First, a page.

Another way to help with password security is to use something called a passphrase. Instead of using a password that is just a single word in the dictionary, use a combination of words to make a phrase while still meeting the complex-password rule set.

One last tip would to be to make sure you change your password frequently. Tips on strengthening your password may only go so far, though; how companies store your information is just as important or even more important. No matter how strong your password is, if the company isn’t secure, a hacker will still get your information.

One way to know if a company you have an account with is secure is if it has a two-way authentication tool, which texts or emails you a code when you try to log in. This security feature adds another layer on top of your strong password, and the likelihood of some hacker getting your information is not likely. Two-way authentication is becoming more of a common thing now. Most social media sites and Google will let you set up two-way authentication. Banking applications are starting to implement biometric authentication, which requires your face, voice or fingerprint to log in.

Our online lives are growing every day, and with more online accounts, there are more passwords we are going to have to remember. I hope this made you more conscious of your data footprint as you go online today and take what type of data you put on the web and the integrity of the website you trust.

Some of the Worst CPU Exploits in History – Should You Be Worried?

tech talk

By Andy Li

If you wanted the quick answer, then yes, you probably should be — or at least be paying attention. For those of us that don’t follow tech that much, January for the tech world has been abuzz with two words: Spectre and Meltdown. They’re two computer exploits that can give an attacker the ability to read data in parts of the system that are normally completely secured and unreadable by conventional means.

Normally, data that’s being input and processed into a computer system, such as passwords, usernames and other sensitive information, isn’t readable straight from the these heavily restricted areas of the hardware. This is thanks to industry conventions and standards that require developers to ensure these areas are well secured and encrypted against prying eyes. But thanks to researchers at Google’s Project Zero and other independent research teams, these parts of the computer are now no longer as nearly secured as everyone once thought.

Being called “one of the worst CPU [computer processor] bugs ever found” by one of the researchers who originally discovered them, every major hardware and software vendor is currently in a frenzy trying to determine what should even be done with the exploits. That’s because they affect nearly every CPU within the last 20 years, with Intel CPUs being especially vulnerable.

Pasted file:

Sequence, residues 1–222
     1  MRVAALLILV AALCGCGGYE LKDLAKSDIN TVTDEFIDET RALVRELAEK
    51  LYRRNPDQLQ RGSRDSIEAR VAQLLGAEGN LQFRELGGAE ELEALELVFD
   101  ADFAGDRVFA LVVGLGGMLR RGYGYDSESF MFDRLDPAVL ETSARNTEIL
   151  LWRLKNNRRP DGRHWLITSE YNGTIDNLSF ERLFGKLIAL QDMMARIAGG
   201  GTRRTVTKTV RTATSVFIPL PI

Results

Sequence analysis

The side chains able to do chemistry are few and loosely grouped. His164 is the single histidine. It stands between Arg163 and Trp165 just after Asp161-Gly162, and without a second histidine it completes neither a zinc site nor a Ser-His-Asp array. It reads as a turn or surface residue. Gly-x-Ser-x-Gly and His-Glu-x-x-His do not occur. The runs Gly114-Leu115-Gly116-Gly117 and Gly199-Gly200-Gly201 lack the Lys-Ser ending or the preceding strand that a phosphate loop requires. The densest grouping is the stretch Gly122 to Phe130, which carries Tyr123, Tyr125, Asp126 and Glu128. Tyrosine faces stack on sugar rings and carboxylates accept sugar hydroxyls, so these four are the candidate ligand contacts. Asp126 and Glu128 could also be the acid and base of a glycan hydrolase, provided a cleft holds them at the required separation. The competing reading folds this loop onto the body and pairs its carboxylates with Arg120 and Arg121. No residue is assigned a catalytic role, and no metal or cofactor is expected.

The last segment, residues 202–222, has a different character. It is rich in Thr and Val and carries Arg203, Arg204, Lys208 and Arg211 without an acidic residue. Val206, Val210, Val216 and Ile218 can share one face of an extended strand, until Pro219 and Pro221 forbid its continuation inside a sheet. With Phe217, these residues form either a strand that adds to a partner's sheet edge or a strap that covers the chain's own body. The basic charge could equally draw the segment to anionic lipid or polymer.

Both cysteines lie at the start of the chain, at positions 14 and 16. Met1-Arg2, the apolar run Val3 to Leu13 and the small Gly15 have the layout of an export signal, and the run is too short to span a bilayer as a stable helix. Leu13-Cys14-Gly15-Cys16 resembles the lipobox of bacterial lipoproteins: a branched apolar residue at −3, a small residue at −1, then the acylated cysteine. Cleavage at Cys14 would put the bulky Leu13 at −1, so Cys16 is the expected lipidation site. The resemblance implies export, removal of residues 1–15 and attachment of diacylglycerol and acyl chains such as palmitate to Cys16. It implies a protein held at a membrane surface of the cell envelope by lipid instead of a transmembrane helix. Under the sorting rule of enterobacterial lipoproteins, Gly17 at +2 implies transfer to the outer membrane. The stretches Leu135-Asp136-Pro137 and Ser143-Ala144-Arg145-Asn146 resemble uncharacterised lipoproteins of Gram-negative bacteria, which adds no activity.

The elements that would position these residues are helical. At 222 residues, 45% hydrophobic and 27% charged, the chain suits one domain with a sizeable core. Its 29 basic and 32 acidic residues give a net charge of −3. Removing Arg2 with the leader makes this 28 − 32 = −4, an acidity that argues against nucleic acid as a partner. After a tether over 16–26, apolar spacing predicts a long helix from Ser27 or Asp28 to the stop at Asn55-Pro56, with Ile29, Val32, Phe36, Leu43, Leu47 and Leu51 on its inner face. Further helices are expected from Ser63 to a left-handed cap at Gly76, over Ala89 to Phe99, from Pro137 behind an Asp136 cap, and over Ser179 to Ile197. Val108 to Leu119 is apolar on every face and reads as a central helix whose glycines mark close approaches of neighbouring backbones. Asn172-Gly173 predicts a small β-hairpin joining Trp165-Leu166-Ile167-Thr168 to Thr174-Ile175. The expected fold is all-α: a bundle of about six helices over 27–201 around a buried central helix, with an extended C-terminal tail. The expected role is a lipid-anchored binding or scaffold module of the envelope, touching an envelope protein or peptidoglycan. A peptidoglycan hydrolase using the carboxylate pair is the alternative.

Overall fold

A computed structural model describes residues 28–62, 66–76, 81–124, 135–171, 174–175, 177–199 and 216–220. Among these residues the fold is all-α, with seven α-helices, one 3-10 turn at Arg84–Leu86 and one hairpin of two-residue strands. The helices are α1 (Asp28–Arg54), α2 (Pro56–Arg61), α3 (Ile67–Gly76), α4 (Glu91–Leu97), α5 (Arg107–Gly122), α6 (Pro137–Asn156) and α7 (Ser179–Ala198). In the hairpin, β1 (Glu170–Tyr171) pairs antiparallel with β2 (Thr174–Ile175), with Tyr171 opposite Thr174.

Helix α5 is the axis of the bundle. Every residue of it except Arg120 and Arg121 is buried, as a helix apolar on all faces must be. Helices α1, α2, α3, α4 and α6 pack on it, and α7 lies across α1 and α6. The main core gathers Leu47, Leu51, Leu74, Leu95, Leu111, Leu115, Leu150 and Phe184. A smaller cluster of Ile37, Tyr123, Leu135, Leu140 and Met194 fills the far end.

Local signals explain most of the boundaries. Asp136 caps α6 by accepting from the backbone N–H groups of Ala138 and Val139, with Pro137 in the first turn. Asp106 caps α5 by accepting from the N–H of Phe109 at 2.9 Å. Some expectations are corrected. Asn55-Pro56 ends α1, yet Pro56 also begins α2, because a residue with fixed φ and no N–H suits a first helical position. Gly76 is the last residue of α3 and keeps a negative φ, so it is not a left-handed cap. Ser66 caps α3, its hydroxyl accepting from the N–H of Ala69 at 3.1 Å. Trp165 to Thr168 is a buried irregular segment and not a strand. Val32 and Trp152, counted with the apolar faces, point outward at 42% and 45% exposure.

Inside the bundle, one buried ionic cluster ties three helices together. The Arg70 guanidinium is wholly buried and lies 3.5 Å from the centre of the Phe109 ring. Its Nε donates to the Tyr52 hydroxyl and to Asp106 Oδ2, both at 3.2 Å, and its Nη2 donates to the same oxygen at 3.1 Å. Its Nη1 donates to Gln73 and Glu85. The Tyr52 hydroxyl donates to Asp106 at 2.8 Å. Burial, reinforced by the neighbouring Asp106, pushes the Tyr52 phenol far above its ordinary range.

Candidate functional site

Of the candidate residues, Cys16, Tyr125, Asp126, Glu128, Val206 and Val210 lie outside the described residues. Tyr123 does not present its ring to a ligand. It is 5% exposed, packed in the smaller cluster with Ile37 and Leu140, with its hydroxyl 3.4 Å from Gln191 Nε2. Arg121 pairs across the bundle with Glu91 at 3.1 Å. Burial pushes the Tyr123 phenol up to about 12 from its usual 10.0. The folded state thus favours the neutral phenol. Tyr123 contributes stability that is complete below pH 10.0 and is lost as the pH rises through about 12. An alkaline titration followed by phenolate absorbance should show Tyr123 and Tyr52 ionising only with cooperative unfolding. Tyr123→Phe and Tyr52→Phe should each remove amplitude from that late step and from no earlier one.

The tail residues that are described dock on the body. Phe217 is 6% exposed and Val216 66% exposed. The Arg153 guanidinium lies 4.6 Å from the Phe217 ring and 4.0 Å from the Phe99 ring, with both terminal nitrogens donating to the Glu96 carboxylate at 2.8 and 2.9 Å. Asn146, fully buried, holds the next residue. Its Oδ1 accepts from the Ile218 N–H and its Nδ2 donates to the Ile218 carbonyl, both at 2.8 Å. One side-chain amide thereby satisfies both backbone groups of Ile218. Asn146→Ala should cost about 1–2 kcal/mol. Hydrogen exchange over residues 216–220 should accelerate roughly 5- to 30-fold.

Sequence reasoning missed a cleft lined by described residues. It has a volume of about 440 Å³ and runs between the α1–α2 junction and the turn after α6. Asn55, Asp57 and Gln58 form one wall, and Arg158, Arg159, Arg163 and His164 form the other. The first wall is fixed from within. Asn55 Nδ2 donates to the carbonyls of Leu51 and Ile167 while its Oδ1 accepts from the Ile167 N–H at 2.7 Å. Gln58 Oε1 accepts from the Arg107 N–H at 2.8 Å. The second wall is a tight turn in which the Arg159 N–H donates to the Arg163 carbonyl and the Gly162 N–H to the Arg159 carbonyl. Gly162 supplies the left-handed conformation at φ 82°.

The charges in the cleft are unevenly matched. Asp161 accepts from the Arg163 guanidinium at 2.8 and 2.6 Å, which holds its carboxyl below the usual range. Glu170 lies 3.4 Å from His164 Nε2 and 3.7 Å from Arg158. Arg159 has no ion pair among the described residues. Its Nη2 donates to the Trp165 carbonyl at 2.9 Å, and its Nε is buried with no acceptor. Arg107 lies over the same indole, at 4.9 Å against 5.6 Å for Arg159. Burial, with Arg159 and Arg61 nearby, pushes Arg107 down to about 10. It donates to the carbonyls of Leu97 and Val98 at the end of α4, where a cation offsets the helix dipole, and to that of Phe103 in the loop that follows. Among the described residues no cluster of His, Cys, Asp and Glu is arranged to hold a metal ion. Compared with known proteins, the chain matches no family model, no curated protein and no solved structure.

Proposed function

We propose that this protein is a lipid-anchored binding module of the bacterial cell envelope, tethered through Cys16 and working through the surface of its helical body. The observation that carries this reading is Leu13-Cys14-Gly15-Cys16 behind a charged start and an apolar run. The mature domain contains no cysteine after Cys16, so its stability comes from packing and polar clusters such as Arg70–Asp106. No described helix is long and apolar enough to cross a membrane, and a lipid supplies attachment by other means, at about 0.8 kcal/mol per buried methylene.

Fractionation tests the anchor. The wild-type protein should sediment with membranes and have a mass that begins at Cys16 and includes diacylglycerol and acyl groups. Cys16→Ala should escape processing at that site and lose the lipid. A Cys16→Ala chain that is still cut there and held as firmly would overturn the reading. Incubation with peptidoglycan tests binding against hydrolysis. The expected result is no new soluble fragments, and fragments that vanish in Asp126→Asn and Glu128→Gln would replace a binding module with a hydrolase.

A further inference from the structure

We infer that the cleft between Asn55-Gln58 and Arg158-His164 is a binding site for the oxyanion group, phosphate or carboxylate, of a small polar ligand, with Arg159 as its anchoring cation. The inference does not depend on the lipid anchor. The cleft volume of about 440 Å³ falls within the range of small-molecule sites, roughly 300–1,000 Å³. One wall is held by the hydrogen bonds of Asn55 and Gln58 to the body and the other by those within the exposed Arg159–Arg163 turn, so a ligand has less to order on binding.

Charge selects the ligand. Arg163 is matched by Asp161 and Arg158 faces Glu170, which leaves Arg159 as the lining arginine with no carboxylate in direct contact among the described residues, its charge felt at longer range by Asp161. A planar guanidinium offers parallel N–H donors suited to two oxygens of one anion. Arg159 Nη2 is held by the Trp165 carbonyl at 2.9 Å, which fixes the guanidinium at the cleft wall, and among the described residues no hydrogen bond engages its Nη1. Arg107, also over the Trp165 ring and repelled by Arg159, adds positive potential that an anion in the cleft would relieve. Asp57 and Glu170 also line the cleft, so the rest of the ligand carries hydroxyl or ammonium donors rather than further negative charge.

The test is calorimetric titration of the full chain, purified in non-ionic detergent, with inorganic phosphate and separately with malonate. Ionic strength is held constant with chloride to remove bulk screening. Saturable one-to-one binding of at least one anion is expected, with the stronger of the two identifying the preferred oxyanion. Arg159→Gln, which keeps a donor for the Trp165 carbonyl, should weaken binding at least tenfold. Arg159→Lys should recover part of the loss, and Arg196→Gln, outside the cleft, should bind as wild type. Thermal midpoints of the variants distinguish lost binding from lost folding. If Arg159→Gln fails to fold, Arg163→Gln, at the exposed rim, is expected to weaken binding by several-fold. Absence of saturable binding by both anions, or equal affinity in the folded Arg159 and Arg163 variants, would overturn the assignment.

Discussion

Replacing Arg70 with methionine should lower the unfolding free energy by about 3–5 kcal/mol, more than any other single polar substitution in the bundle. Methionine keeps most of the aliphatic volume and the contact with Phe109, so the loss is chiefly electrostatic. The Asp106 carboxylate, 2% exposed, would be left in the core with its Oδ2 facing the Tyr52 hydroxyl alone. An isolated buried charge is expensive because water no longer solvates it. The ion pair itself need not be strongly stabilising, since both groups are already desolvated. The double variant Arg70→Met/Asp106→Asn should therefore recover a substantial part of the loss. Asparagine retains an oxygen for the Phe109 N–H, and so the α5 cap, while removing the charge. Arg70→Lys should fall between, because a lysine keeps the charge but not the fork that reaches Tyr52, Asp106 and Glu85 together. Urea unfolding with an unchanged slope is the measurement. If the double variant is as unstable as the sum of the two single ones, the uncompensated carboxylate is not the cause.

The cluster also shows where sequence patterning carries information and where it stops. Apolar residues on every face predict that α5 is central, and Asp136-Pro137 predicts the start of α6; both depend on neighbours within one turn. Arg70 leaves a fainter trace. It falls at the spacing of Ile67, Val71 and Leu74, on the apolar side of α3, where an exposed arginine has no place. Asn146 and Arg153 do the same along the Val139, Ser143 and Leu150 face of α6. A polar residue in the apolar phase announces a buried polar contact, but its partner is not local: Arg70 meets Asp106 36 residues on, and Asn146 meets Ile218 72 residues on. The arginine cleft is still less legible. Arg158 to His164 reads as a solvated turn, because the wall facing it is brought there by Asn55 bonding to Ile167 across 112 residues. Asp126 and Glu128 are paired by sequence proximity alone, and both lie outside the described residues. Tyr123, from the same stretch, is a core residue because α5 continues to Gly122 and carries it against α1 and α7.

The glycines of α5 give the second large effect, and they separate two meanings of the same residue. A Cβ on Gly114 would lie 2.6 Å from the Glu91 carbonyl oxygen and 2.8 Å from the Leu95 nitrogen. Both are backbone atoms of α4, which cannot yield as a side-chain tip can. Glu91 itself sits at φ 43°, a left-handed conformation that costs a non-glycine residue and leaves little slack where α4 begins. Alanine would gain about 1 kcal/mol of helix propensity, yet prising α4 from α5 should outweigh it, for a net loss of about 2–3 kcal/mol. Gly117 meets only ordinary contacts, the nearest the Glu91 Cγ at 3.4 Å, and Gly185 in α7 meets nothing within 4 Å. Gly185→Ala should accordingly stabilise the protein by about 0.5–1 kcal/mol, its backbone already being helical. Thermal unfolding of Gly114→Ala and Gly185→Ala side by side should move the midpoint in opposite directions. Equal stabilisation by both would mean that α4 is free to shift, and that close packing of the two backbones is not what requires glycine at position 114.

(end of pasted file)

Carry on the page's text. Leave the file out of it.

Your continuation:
This means that billions of devices are potential targets. While bugs and exploits are usual fare when it comes to technology, Spectre and Meltdown expose not just security problems with computer hardware, but inherent design flaws made by CPU developers trying to squeeze out as much performance as possible for their hardware. It comes as no surprise then that current fixes to these exploits come at potentially steep performance costs, with some major companies reporting up to a 30 percent performance decrease for their systems after applying fixes for the exploits.

As of now, Google and Amazon have already reported that their infrastructure has been secured against the exploits with minimal performance issues. Microsoft has had mixed results for Windows patches, where some AMD CPU users reported unbootable computers before a subsequent fix was pushed out to address the problem.

Meanwhile, Intel has remained vague in their plans to address the exploits, despite it being their CPUs that are affected the most by the exploits. Early attempts by Intel to fix the problem through firmware updates have been lambasted by some developers, including Linus Torvalds, as being “complete and utter garbage.” Longer-term solutions announced by Intel, such as the development of Spectre- and Meltdown-proof chips, have only raised more questions than answers as scant details have been given other than that they’ll be released later this year.

So the question remains: What can we, as normal consumers, do to protect ourselves against these threats? Unfortunately, even with current fixes, you won’t be protected from certain variants of Spectre. Keeping your system up to date, though, will go a long way in keeping you safe from becoming a victim of a new class of attacks. Use this tool created by the Gibson Research Center to determine if you’re still vulnerable: https://tinyurl.com/y98na5c4. Pay particular attention to your web browser and operating system and update those as soon as possible to the latest versions.

In the long term though, the only way to be totally rid of these exploits would be to replace the system with Spectre- and Meltdown-proof machines. However, with Intel still being the titular CPU in use for most computer systems and given how long many of us can hold on to our computers for, this will certainly be no simple task. So for now, while we can only wait and watch to see what the big players will do next, one thing’s for sure: Meltdown and Spectre will be haunting us for quite some time.

Andy Li is a member of the Information Technology Senior Seminar course and is planning on an eventual career in database administration.

How I Became a Geek

tech talk

By Jamie West

My name is Jamie West, and I started in SMCC’s Computer Technology program in 2012. It has taken me five years to get to where I am now. I will graduate with my Associate in Applied Science with a major in Information Technology this spring. It has been a struggle at times. However, with help from all of my instructors and encouragement from my supporters, I will graduate.

Before attending SMCC, I was intimidated by today’s technology. I grew up with Atari, then the Nintendo gaming systems. The only PC I used was an old Commodore 64. I had no idea of the differences between Macs and PCs. I couldn’t tell you what a bit or a byte was, let alone a VM.